Images and review by PhilSauria, edited by Suspsy.
Parasaurolophus is a pretty distinctive animal and just about all of the manufacturers of dinosaur figures that have been around for a while now have their brand on the underside of a plastic version of one. I have 13 examples in my collection and there are more out there that I don’t have. In regard to the animal itself, it’s a very large hadrosaur from the Campanian age of the Cretaceous period that grew to about 9.5 meters long and was named in 1922 by William Parks. Its fossils have been found in Canada and the USA, and consist of several skulls and skeletons, some more complete than others. Theories abound as to both how that distinctive crest would have looked in life and its possible function, neither of them likely to ever be answered to everyone’s satisfaction.
This Parasaurolophus is on the generous size as dinosaur figures go, measuring 24 cm/10 inches long from nose to tail and 10 cm/4 inches tall from the sole of its foot to the top of its head. Made from solid plastic, it’s neither overly heavy in the hand nor all that pliable at the extremities. The colour palette on this one runs from shades of green on the body with deep red stripes and patches, cream underneath, a dark nose, and bright red at the top of the head and crest. The designer clearly opted to perceive the crest as a display feature and painted it accordingly. The crest is depicted as a stand-alone feature and not as some manufacturers have done with a fleshy membrane between the crest and back of the neck. With no fossil evidence to support one look over the other, sculptors can take their pick as to the look they want. The small eyes are white with neatly painted large black pupils. Paint application on the one that I have is quite clean and neatly applied to the areas where you can see sloppiness at times, such as the eyes and toe claws.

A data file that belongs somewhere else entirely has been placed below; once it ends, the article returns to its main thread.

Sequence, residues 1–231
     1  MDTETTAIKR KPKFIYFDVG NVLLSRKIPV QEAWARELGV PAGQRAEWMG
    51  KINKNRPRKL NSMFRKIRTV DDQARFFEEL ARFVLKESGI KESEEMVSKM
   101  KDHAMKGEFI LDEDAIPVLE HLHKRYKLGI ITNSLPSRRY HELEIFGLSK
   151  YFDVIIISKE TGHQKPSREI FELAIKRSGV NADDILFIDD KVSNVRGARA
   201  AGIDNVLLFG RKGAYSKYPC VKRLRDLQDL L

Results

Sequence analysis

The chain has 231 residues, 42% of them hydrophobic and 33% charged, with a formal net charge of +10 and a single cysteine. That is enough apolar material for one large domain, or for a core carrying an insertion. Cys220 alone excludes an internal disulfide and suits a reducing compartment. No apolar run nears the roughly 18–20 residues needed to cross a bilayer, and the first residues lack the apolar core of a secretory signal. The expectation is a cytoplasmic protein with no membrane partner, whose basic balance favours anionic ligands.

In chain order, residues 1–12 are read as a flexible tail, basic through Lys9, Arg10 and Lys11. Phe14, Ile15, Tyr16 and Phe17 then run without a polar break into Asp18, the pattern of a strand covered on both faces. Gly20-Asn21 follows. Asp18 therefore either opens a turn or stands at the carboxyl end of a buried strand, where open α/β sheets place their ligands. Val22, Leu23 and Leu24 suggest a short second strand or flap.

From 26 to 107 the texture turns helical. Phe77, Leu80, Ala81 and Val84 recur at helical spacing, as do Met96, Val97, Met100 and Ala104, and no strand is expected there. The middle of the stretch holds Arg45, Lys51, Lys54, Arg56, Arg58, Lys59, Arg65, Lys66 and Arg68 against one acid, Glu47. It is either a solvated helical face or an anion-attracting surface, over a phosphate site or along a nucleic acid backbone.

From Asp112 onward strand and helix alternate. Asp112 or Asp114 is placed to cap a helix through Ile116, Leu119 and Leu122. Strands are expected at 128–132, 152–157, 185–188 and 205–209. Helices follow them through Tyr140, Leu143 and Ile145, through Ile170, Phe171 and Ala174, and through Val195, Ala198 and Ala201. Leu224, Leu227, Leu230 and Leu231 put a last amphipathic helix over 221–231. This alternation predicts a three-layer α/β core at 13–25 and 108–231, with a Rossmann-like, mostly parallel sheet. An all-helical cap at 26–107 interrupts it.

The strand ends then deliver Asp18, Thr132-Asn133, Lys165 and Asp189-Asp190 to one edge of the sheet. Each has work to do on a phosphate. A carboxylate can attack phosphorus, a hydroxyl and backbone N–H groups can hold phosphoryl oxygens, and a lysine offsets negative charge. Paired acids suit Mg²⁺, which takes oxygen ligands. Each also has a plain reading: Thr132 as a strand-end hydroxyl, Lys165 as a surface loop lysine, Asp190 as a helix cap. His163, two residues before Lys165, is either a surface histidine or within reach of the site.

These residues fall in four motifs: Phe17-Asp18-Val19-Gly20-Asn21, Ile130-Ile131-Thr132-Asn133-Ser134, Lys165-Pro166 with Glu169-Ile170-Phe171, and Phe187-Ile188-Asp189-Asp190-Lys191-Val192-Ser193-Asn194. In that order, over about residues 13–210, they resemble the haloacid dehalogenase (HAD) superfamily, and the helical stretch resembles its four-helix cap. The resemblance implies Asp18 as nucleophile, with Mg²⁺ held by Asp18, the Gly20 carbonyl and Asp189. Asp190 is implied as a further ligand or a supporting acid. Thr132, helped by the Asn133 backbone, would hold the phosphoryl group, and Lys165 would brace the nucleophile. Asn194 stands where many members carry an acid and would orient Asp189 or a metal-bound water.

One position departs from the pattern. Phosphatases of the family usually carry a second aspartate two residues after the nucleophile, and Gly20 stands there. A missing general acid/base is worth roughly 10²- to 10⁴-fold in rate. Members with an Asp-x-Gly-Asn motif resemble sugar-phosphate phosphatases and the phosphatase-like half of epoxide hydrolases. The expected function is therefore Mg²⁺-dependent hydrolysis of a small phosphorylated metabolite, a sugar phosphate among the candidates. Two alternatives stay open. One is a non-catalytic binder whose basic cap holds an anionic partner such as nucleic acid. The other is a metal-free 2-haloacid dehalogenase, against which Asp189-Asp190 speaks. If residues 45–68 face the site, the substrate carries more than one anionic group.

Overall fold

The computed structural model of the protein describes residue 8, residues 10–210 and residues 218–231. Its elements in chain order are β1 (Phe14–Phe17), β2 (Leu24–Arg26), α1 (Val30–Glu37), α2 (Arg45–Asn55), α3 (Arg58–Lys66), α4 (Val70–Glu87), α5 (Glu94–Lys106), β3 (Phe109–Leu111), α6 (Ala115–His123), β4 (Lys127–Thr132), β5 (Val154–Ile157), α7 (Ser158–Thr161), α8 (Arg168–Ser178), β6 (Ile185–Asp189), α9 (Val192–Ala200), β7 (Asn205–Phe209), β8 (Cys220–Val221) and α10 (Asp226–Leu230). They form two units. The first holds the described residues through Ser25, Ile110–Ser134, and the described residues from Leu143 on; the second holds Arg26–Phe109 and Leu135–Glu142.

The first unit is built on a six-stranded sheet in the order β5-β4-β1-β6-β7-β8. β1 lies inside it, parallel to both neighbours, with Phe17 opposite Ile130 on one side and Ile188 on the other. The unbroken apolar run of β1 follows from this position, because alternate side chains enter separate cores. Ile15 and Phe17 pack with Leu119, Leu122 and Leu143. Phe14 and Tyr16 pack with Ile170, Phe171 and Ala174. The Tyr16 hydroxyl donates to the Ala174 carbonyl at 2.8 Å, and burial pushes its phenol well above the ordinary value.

In terms of sculpting, the Parasaurolophus is in a walking pose with its head raised and its crest tilted back. There is detail all over, with variation in the scale size and shape on various parts of the head and body. A long row of larger scales or short scutes runs all along the spine down to the tail tip, with a slight curve to that tail, which is held high and straight out behind. The feet are quite generic and there has not been all that much concern taken about scientific accuracy. This animal looks quite well fed, but you can still make out the various leg muscles, hips, and shoulder blades. None of the unpopular shrink-wrapping is in evidence here. It stands up well against most of the other Parasaurolophus figures that I have, and while being slightly on the generic side in terms of finish and accuracy, I did seek it out and was pleased to get hold of one to add to my herd.
I’m not sure how easy it has been to get hold of this figure up until now and truth be told, I can’t quite recall where I bought this one from. But with the recent demise of Bullyland, it will only become harder to find going forward. So if you feel like you need one of these in your life and you can locate one, I’d be placing that order sooner rather than later.